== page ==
John-Martyn24

The ‘80s started fairly unpromisingly for John. He was still in turmoil over the breakup with wife Beverley, and the release of his classic Grace And Danger album had been delayed for 18 months, Island Records label boss Chris Blackwell believing it to be terminally uncommercial.

It was finally released in June 1980 to excellent reviews and reasonable sales but it was the straw that broke the camel’s back as far as John’s relationship with Island was concerned.

His new manager Sandy Roberton got him a deal with Warner Brothers and also helped put together a cracking new band including ex-Jeff Beck keys player Max Middleton, Latin percussionist Danny Cummings and hotshot Glaswegian bassist Alan Thomson.

Martyn’s mucker and partner-in-heartbreak Phil Collins also returned on drums and production. John said at the time, ‘I wasn’t married. I thought: let’s go for it, let’s make some money and make a band.’

In June 1981, they all convened at the Townhouse Studios on the Goldhawk Road, Shepherd’s Bush, West London, to commence work on Glorious Fool. During the recording, John was living in the small apartment above the studio, and would often undertake vocal duties in the wee hours of the morning, slightly the worse for wear and clad only in his dressing gown!

It’s clear that John’s failed marriage is still very much the emotional currency of his songwriting. ‘Pascanel (Get Back Home)’, ‘Hearts And Keys’ and ‘Please Fall In Love With Me’ are almost embarrassingly candid in their evocation of the contrasting emotions spawned by a relationship breakdown, everything from pure love and raw lust to rage, despair, envy, pleading and desolation. Just a typical evening with John Martyn then, by all accounts…

The furious ‘Never Say Never’ kicks off with Martyn screaming ‘Shuddup! Close your mouth!’ over Collins’ trademark tom fills. Brilliant. ‘Perfect Hustler’ and ‘Didn’t Do That’ are more comic evocations of lost love, the former featuring Martyn sarcastically taunting his paramour about her suave, Latin-dancing boyfriend, and wondering if he has ‘gold teeth in’! In contrast, ‘Hold On My Heart’ is an unashamedly soft, romantic love song, the nearest the album comes to an early ’80s Collins or Genesis ballad.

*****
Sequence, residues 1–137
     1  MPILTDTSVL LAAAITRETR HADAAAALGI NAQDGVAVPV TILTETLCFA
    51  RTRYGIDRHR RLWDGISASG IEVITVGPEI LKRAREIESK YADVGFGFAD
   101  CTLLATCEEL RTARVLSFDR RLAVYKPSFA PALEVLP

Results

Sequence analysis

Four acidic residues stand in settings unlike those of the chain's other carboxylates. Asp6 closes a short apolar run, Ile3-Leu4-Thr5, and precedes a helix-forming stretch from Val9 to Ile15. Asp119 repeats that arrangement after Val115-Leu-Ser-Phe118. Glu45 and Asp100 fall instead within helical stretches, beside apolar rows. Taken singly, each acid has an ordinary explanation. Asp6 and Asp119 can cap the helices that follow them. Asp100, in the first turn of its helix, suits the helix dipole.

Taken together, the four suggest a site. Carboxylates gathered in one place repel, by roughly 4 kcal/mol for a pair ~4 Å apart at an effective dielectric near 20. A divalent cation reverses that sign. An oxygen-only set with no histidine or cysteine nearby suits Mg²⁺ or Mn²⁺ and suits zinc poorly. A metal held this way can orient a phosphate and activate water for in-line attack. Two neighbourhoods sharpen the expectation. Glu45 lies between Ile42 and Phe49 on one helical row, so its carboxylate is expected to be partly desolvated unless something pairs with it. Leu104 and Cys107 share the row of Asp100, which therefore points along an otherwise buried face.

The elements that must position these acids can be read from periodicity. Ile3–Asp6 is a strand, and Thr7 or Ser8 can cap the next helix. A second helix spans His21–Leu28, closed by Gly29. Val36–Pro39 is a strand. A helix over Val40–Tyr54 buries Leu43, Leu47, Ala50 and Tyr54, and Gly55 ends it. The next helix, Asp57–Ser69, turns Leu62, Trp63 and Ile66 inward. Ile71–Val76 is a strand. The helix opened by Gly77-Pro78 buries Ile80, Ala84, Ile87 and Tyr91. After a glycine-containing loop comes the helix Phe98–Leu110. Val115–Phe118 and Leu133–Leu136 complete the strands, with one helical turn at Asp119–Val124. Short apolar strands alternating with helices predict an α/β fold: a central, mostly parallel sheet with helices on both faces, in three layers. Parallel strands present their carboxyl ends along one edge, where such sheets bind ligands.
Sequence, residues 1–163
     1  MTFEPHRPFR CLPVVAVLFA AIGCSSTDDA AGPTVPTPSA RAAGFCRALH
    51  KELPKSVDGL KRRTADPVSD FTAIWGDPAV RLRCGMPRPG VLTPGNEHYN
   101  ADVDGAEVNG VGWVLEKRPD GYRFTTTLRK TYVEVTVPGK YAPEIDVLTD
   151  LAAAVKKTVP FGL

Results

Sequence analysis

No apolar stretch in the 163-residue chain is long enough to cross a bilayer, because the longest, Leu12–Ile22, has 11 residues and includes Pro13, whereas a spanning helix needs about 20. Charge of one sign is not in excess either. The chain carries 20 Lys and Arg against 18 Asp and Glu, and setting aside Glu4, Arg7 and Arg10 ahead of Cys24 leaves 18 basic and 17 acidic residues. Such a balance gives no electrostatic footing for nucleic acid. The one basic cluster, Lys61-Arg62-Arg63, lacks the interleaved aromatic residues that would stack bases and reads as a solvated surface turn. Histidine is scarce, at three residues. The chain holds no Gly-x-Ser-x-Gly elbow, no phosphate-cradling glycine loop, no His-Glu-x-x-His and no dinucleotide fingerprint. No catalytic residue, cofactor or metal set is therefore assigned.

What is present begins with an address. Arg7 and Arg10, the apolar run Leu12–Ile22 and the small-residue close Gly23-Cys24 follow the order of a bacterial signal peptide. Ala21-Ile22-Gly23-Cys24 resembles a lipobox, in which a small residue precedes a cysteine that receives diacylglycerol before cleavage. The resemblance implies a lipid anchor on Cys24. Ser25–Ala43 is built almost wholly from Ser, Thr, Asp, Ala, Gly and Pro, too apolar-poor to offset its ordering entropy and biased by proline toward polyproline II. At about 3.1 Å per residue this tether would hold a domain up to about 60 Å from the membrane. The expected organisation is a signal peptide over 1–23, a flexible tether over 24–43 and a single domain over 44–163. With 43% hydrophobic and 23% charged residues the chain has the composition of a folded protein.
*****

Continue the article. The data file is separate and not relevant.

Elsewhere, ‘Don’t You Go’ is a heartbreaking anti-war folk ballad, with John’s moving vocal accompanied only by Collins’ piano and ghostly vocoder. The title track takes a satirical look at the then-newly-elected president Ronald Reagan while ‘Amsterdam’ is a harrowing portrait of a close friend’s funeral in the Dutch capital (after an unrequited obsession with a local prostitute). It features a nasty, brutal groove, sort of John’s version of post-punk, and the haunting refrain: ‘The night the kid left Amsterdam…’ It’s the ‘80s flipside to ‘Solid Air’, another tribute to a fallen comrade (Nick Drake).

Another reason for Glorious Fool’s success is the sheer quality of the musicianship. Collins has never played better, coming up with three or four classic beats and demonstrating a perfect understanding of what each song requires, and the whole band can turn on a dime. They’re just as comfortable with the Weather Report-style Latin/fusion groove of ‘Didn’t Do That’ as they are with the slinky Little Feat flavours of ‘Couldn’t Love You More’, driving hard rock of ‘Amsterdam’ or ambient balladry of ‘Please Fall In Love With Me’.

The album was a reasonable success, hitting number 25 on the UK album charts and staying in the top 100 for seven weeks, and the critics were generally onside. It also made for a very interesting companion piece to Collins’ Face Value, released six months before. You don’t need me to tell you which record sold more copies, but I doubt John lost much sleep over it.

For much more about Glorious Fool and John’s stellar career, check out ‘Some People Are Crazy’ by John Neil Munro and also this excellent BBC4 documentary.